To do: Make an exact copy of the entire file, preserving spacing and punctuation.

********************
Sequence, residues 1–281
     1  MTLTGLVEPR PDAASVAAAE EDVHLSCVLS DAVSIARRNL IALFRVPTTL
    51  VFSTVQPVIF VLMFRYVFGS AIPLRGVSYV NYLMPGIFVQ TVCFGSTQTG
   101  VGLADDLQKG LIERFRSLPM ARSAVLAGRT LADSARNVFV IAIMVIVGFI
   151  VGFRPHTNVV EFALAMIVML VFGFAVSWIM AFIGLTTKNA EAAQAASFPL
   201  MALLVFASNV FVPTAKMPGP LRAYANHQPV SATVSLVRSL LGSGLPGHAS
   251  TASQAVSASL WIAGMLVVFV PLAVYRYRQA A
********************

Sequence, residues 1–281
     1  MTLTGLVEPR PDAASVAAAE EDVHLSCVLS DAVSIARRNL IALFRVPTTL
    51  VFSTVQPVIF VLMFRYVFGS AIPLRGVSYV NYLMPGIFVQ TVCFGSTQTG
   101  VGLADDLQKG LIERFRSLPM ARSAVLAGRT LADSARNVFV IAIMVIVGFI
   151  VGFRPHTNVV EFALAMIVML VFGFAVSWIM AFIGLTTKNA EAAQAASFPL
   201  MALLVFASNV FVPTAKMPGP LRAYANHQPV SATVSLVRSL LGSGLPGHAS
   251  TASQAVSASL WIAGMLVVFV PLAVYRYRQA A